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Saturday, May 4, 2013

What Writers Can Learn From "From a Buick 8"

Spoiler alert: Don't read this if you are planning to read "From a Buick 8" for the first time.

I love Stephen King. He is undoubtedly my favorite writer of all time, and that puts him ahead of even Asimov, Heinlein, Rand, and Tom Robbins, all of whom were big influences on me. Even then, there are probably a few novels of his that I haven't read yet. He's just so prolific.

In fact, King has probably prevented me from reading other authors. I have a bad habit of falling back on books I've already read, from time to time, instead of reading something new. I have Quicksilver by Neal Stephenson in hardback, still untouched. For some reason, I picked up "From a Buick 8", which I'm now reading for the third time.

But unlike many other stories, I'm reading this one because it confuses and befuddles me. It is definitely my least favorite King novel. Why? There doesn't seem to be any resolution to the story. While "Duma Key" seemed to be a rehash of "Rose Madder", and "Lisey's Story" was apparently so forgettable that I can't recall a single detail from it, "From a Buick 8" stands out as the most disappointing work of his that I have read.

I've heard it referred to by some as a "Post 9/11" novel. Some things just don't make sense. You can even find support for this in the text itself.

But I don't want post-modernist writing, I want a story with a resolution. Even the connections to The Gunslinger series are vague and tenuous, at best. To put it another way, there's no "there" there.

And yet...

The story is solid. The writing itself is, of course, impeccable.

I've taken the unpopular stance of late that writing should be about ideas, or that stories should be told in a fresh and exciting manner. If you can do both at the same time, better yet.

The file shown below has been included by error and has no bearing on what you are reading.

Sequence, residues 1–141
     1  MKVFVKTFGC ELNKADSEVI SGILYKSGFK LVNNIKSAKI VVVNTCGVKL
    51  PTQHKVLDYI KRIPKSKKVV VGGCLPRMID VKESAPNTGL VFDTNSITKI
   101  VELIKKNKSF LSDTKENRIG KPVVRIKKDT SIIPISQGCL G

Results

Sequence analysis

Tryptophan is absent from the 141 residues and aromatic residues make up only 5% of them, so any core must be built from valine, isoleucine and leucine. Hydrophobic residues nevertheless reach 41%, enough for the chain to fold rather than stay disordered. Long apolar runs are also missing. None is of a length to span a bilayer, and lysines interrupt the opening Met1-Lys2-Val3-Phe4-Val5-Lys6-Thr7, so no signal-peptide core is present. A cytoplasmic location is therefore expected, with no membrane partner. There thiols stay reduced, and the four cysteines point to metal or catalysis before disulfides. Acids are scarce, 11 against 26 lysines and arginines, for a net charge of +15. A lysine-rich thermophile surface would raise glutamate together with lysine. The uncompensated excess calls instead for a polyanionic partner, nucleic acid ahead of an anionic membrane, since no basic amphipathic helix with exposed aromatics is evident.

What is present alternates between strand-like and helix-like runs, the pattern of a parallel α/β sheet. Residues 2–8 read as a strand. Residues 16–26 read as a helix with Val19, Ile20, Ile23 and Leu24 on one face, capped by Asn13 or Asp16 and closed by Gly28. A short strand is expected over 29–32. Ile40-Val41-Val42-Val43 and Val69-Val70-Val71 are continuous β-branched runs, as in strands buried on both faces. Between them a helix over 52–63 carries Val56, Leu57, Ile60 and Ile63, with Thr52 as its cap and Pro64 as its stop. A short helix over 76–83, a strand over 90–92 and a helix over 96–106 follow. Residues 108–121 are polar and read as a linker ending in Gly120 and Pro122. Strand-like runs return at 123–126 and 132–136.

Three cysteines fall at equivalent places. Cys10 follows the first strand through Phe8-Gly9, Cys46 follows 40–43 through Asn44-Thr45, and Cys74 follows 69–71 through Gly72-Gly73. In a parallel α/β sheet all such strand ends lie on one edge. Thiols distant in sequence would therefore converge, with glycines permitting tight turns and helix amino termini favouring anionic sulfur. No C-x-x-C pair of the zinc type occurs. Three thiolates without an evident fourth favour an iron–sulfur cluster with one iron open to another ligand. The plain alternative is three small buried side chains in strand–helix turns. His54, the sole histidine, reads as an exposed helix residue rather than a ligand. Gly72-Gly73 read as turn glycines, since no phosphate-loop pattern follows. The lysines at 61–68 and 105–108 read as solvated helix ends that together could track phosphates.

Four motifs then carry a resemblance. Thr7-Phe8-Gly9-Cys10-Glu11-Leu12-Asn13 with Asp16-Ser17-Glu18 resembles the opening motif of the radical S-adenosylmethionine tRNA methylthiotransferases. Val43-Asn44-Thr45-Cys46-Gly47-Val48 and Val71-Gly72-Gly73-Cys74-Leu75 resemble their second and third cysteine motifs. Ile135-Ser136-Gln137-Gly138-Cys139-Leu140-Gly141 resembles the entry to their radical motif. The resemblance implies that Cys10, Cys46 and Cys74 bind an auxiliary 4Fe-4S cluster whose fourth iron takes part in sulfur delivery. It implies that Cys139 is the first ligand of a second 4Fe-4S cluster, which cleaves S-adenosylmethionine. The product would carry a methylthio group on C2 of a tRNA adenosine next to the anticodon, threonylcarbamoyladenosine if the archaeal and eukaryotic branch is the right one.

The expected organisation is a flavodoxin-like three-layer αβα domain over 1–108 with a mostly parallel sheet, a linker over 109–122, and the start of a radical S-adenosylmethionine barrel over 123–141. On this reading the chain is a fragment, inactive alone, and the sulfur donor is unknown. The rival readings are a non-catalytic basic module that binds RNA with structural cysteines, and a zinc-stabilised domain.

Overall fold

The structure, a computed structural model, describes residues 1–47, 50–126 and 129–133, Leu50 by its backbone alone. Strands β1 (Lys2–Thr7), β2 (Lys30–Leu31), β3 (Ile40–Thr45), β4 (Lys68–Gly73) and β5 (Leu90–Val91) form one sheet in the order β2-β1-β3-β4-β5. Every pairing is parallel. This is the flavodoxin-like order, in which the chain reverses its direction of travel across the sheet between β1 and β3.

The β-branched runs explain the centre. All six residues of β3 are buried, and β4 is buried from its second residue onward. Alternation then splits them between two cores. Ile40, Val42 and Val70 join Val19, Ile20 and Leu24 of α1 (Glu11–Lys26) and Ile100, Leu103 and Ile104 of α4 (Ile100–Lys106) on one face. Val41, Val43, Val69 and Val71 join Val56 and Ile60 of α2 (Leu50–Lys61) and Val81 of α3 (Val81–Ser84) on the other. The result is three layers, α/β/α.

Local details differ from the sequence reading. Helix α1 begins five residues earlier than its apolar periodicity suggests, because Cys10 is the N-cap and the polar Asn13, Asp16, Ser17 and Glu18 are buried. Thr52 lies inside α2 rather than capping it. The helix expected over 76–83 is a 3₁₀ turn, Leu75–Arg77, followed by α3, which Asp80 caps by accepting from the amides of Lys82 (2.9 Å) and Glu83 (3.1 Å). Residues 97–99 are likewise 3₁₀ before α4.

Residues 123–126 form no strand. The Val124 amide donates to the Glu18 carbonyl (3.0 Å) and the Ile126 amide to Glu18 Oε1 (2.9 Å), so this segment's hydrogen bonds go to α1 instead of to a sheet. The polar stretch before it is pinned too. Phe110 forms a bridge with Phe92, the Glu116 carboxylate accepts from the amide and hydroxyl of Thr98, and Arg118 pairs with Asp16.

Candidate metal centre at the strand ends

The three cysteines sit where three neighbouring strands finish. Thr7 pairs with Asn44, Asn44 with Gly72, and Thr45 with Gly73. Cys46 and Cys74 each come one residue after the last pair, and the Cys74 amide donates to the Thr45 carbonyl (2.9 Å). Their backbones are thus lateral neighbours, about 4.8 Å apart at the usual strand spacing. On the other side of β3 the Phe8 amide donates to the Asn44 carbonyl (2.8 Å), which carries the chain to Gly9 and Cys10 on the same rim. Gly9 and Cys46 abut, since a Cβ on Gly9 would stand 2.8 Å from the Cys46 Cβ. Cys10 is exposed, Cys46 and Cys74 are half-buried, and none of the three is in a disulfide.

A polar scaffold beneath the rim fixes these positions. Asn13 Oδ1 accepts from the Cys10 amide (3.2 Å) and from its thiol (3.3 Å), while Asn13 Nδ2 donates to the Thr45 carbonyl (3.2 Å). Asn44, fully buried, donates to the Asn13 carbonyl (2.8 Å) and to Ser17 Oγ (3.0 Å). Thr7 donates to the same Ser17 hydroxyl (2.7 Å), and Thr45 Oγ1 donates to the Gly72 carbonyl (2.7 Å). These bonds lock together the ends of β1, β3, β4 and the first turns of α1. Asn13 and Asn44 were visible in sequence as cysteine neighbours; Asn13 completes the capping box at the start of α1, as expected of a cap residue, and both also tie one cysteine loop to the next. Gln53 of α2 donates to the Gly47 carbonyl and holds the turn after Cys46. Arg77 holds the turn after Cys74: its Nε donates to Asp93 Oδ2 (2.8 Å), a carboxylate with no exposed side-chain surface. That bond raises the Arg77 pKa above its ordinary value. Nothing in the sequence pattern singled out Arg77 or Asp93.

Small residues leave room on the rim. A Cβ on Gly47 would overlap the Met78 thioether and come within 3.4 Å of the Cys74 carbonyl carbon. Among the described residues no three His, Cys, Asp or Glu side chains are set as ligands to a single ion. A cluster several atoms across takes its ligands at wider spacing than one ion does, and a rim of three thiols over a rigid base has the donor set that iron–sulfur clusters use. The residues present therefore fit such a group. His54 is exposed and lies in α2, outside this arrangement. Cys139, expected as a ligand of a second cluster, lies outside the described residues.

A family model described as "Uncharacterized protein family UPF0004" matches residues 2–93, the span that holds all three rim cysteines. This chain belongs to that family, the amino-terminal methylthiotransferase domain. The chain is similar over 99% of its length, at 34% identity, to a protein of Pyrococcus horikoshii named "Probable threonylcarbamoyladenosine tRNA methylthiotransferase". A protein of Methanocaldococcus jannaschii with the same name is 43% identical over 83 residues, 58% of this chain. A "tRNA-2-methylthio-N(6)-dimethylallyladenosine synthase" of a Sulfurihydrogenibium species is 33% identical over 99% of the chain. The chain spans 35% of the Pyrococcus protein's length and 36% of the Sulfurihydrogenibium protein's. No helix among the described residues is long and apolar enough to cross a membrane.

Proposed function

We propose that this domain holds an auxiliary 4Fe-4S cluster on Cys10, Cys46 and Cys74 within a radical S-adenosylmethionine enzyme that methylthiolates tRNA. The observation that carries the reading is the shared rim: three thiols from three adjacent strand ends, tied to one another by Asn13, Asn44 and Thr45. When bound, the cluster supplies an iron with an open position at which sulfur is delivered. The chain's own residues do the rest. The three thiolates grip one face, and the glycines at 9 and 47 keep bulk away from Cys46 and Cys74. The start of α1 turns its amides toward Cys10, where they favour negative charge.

"Buick" is interesting throughout. The story is well-told. I, like many others, was just unhappy with the resolution. There are lots of true-isms, good character development, all the little things you expect from a good writer. I would be thrilled to achieve this level of mastery. But the book leaves you wanting more, and not necessarily in a good way. Sadly, a resolution will never be forthcoming.

Perhaps it's intentional. It's an oft-discussed novel for that reason. Looking for meaning in the bigger picture that the story presents, however, leaves me just as clueless as when I started reading it.

There's still a lot for writers to take away from reading it. As I've said, it's well written, with lots of smaller points to be made. As a study of the craft of writing, it's as valid as any of King's novels. To me, it fails at the end by offering no real explanation for anything that's transpired.

I guess it can be considered a success in that I'm now reading it for the third time. How many novels can you say that about? Combine the strengths of King's storytelling with a satisfying ending, and you'd have the makings of a great book. You can find writing lessons in unlikely places, I guess.